One of the… I'm going to say "dependencies for enjoyment" in many – I might even say "most" RPGs I've run (or run into) in the last few years is a deep knowledge of the genre — not just the genre for the setting, but the RPG genre of the game in question.
So… like this: once upon a time, all you really needed to know when starting to play D&D was "there's magic, no guns, and weird monsters." Same was true, basically, for Traveller or whatever.
Maybe that's still true for 5e versions of those games. Probably is. Anyway.
But there are a WHOLE BUNCH of games/settings out there now that drop a tremendous amount of signal when trying to reach a new gamer, because that new gamer doesn't have the decades of previous gaming exposure that informs the game designer's decisions for a game.
Dungeon World, for example, is fun, and it works with new players, but it doesn't work as well – there just isn't as much there – for the gamer who never played the old versions of D&D DW is reflecting. Ditto Black Hack or whatever.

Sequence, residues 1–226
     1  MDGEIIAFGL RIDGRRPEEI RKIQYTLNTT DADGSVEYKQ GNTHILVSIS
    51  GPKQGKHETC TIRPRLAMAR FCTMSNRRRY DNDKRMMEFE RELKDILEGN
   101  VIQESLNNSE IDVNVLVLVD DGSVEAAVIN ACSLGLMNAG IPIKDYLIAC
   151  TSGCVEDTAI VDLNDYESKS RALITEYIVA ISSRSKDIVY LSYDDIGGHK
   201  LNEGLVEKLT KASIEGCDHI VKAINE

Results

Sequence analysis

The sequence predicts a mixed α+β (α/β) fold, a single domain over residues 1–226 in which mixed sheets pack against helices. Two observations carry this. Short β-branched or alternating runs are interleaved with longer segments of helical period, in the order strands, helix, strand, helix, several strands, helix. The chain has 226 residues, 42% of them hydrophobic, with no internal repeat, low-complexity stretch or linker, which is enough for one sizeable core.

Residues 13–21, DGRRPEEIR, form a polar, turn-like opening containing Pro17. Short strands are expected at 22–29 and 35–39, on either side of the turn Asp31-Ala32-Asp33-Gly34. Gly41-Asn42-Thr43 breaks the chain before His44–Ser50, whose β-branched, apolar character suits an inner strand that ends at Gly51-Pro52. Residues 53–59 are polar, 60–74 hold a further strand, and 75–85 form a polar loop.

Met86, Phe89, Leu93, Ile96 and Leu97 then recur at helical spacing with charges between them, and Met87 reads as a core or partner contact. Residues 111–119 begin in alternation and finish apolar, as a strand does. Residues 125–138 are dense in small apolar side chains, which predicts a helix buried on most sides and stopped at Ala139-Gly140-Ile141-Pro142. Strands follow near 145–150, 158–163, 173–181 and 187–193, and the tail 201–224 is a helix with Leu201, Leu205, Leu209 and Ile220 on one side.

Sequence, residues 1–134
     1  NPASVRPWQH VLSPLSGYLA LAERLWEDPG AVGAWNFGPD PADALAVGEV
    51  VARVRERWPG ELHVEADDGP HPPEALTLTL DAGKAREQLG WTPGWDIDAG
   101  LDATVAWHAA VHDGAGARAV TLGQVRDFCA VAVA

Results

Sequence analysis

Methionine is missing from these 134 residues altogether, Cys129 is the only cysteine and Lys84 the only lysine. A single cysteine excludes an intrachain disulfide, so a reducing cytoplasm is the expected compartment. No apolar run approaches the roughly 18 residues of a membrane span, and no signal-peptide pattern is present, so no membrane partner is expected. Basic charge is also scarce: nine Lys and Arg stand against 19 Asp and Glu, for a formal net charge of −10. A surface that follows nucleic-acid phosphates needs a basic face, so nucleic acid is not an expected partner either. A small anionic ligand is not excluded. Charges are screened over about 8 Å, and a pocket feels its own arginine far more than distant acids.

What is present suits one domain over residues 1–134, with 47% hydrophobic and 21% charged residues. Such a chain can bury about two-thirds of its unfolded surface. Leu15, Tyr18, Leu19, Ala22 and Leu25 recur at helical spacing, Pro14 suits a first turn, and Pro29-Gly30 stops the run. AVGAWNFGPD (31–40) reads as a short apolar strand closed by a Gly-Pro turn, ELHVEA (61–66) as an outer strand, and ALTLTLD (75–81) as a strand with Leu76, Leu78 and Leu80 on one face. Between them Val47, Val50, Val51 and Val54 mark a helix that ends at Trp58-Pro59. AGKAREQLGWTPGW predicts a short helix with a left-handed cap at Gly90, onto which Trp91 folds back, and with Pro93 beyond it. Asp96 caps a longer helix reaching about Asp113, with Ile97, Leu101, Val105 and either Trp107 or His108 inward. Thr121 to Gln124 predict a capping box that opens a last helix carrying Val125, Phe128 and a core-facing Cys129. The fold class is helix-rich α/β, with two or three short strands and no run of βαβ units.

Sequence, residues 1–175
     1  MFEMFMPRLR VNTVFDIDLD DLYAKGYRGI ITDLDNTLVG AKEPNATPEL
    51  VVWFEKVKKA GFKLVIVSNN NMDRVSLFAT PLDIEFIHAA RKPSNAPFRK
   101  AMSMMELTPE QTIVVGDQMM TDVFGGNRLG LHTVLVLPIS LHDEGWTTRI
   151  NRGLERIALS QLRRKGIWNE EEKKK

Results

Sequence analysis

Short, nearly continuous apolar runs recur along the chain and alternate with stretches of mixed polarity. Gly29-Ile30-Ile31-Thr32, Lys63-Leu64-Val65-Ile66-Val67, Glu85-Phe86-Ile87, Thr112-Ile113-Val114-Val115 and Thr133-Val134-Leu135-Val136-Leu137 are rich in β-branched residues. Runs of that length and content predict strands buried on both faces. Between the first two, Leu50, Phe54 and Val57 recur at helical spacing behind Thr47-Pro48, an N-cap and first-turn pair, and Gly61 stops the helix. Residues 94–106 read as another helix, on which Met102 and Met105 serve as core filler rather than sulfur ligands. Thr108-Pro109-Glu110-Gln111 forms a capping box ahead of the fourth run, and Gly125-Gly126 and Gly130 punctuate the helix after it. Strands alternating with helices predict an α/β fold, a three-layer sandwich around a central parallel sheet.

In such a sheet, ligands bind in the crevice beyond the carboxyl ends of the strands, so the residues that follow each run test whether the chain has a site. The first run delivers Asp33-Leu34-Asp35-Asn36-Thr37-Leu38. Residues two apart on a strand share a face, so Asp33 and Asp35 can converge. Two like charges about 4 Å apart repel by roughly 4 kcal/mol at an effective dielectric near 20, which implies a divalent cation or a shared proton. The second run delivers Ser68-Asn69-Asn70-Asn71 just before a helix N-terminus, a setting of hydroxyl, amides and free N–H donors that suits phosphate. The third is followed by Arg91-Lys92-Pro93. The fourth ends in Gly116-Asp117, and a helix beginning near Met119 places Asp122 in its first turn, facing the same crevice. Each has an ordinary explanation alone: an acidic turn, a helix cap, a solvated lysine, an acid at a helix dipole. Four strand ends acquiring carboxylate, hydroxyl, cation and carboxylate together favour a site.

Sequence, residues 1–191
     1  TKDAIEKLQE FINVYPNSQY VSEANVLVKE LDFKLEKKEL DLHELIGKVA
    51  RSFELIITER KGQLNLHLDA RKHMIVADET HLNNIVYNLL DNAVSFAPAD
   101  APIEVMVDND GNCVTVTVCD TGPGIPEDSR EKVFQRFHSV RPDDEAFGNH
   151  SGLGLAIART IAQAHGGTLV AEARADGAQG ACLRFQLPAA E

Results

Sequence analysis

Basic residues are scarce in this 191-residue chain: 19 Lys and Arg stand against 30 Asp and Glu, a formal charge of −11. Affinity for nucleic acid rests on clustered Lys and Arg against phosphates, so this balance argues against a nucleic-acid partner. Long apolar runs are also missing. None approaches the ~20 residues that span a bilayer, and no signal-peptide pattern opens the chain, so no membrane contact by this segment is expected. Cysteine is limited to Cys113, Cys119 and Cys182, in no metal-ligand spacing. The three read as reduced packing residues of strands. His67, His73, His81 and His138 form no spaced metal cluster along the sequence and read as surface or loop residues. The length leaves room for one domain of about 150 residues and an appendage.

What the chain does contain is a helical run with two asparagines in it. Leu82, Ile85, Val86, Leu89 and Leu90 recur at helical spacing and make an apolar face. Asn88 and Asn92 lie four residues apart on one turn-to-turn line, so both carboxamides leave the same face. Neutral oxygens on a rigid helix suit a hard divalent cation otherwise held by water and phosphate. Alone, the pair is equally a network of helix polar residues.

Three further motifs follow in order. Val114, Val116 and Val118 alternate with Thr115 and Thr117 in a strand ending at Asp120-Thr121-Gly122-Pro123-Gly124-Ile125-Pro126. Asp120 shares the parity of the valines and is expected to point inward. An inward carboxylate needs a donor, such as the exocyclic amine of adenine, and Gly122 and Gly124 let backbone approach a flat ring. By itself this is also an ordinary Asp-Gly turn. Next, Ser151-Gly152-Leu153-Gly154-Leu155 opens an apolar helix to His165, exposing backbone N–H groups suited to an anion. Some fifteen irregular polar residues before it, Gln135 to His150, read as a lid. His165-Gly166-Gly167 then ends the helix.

Same thing is true for genre mashups: Steampunk Planetary Romance isn't inherently cool or interesting as a concept if the person you're sharing it with isn't familiar with the "pure" components of that salad, you know? It's just weird sci-fi with wood ships and a lot of brass and goggles. It might work for the player, but it won't work for the intended/expected reasons.
Masters of Umdaar is
phenomenally boring not especially compelling if you didn't grow up on the right cartoons, you know?
I run into this constantly when playing with my kids – lots of stuff I find interesting/entertaining… until I realize that for all intents and purposes, my kids just don't Get the Joke.
First, I need to run the original games everyone's ironically riffing off of, before we can get to the new stuff, or it's not a nuanced re-envisioning for them. It's just… weird and kind of confusing.
When I run a game that doesn't have that problem, it's almost always something only trying to be itself.